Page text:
Glee is known for its quirky song covers, but what happens when it covers a cover?
On Thursday, the Fox series staged a countrified, banjo-infused performance of the Sir-Mix-A-Lot song "Baby Got Back" that sounded exactly like the one put out by musician and geek hero Jonathan Coulter on his 2005 album Thing a Week One. Coulton had learned that the show was planning on doing so a week earlier, after a web user uploaded an audio file of the Glee version online. Despite his inquiries and protestations, the show went ahead with broadcasting the song, leading to even further anger on Friday.
"Well, they aired it, seemingly unchanged. And it’s now for sale in the US iTunes store," Coulton wrote on his blog. "They also got in touch with my peeps to basically say that they’re within their legal rights to do this, and that I should be happy for the exposure (even though they do not credit me, and have not even publicly acknowledged that it’s my version – so you know, it’s kind of SECRET exposure)."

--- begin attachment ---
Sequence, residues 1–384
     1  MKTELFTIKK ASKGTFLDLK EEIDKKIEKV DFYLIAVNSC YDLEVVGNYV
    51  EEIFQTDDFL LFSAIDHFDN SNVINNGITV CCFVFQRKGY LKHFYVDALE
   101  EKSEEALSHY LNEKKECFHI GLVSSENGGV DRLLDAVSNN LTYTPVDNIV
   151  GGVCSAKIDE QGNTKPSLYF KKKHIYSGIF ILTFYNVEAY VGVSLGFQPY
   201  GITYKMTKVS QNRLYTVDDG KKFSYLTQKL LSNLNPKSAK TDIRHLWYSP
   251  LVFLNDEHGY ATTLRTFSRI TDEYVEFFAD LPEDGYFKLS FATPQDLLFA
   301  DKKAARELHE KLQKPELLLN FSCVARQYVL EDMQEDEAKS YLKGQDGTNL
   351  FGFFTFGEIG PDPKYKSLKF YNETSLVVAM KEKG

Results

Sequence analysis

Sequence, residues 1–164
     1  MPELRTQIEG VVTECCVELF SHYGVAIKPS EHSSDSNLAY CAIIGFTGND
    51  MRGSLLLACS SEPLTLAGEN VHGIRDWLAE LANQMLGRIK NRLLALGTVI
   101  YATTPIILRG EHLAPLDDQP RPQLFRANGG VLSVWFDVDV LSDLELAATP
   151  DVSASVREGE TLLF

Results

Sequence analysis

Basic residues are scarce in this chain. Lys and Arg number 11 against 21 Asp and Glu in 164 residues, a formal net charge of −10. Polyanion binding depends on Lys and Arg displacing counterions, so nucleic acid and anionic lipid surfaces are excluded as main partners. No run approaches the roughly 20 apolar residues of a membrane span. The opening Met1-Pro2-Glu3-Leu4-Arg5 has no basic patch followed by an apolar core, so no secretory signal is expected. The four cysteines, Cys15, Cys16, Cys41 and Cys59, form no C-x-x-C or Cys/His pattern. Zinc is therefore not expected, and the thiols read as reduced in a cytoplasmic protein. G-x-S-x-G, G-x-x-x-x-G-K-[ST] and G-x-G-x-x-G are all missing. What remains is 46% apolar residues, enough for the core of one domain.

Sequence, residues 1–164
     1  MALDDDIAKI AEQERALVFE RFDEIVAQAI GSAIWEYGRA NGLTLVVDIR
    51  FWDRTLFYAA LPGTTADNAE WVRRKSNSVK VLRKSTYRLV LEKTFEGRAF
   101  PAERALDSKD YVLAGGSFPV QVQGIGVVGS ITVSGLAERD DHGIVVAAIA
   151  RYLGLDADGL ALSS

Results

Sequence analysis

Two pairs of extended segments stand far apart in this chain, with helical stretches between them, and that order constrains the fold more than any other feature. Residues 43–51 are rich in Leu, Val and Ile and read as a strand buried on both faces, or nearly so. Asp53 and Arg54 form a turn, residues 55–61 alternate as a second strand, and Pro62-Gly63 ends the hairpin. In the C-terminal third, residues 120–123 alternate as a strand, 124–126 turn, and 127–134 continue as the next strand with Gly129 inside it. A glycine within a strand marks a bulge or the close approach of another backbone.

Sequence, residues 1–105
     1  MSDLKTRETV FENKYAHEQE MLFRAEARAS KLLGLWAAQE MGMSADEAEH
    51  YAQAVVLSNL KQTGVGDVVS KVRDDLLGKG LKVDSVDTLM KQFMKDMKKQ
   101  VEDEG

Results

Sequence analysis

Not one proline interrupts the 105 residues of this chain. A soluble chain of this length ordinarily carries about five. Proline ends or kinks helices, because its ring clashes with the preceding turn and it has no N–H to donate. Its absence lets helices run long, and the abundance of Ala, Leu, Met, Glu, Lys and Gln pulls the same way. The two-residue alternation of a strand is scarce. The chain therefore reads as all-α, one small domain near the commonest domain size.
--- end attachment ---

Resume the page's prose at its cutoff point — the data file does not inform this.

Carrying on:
Because Coulton himself covered the song, and so no copyright was violated, he acknowledged he has a harder path to legal recourse. If Glee used his actual audio, though, he could pursue that violation.
"While they appear not to be legally obligated to do any of these things, they did not apologize, offer to credit me, or offer to pay me, and indicated that this was their general policy in regards to covers of covers," he continued. "It does not appear that I have a copyright claim, but I’m still investigating the possibility (which I consider likely) that they used some or all of my audio."
Glee has had plenty of celebrity guest stars, but has rankled several musicians, including the Foo Fighters' Dave Grohl, who rebuffed the show's offer to have his music on the show and ripped co-creator Ryan Murphy. Last April, the singer Gotye was angered over Glee's rendition of his song "Somebody I Used to Know," calling it "dinky and wrong."
The singing competition X-Factor, which also airs on Fox, often scours the internet for cover versions and song mashups, and instructs its contestants to sing the altered versions, as well.
Fox and producer 20th Television declined comment.